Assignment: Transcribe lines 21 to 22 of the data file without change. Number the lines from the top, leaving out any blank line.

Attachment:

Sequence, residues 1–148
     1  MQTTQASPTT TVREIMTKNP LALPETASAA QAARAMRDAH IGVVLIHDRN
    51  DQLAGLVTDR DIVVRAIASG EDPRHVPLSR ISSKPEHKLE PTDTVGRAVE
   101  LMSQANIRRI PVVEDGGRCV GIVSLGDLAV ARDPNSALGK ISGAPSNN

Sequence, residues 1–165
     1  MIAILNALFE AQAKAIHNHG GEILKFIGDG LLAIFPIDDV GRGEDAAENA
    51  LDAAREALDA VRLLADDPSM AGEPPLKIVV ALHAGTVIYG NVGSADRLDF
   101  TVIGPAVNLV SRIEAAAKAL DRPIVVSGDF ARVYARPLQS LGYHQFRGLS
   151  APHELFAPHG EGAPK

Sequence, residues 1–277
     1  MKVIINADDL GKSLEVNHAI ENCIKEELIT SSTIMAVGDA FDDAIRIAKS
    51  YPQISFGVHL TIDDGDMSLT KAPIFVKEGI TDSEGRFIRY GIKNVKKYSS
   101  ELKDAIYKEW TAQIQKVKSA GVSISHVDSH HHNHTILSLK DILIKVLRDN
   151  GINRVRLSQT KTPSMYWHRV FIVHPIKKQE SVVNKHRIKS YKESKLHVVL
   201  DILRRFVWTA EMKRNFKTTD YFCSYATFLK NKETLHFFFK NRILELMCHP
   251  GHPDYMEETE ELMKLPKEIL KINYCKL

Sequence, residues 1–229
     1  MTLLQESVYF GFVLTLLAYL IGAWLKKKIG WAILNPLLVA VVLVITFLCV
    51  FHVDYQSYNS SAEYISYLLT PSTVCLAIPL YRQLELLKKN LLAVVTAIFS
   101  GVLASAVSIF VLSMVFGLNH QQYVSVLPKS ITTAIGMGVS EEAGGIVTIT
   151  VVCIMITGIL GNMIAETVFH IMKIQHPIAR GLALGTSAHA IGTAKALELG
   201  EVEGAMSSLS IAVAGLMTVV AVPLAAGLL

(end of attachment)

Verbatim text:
   151  VVCIMITGIL GNMIAETVFH IMKIQHPIAR GLALGTSAHA IGTAKALELG
   201  EVEGAMSSLS IAVAGLMTVV AVPLAAGLL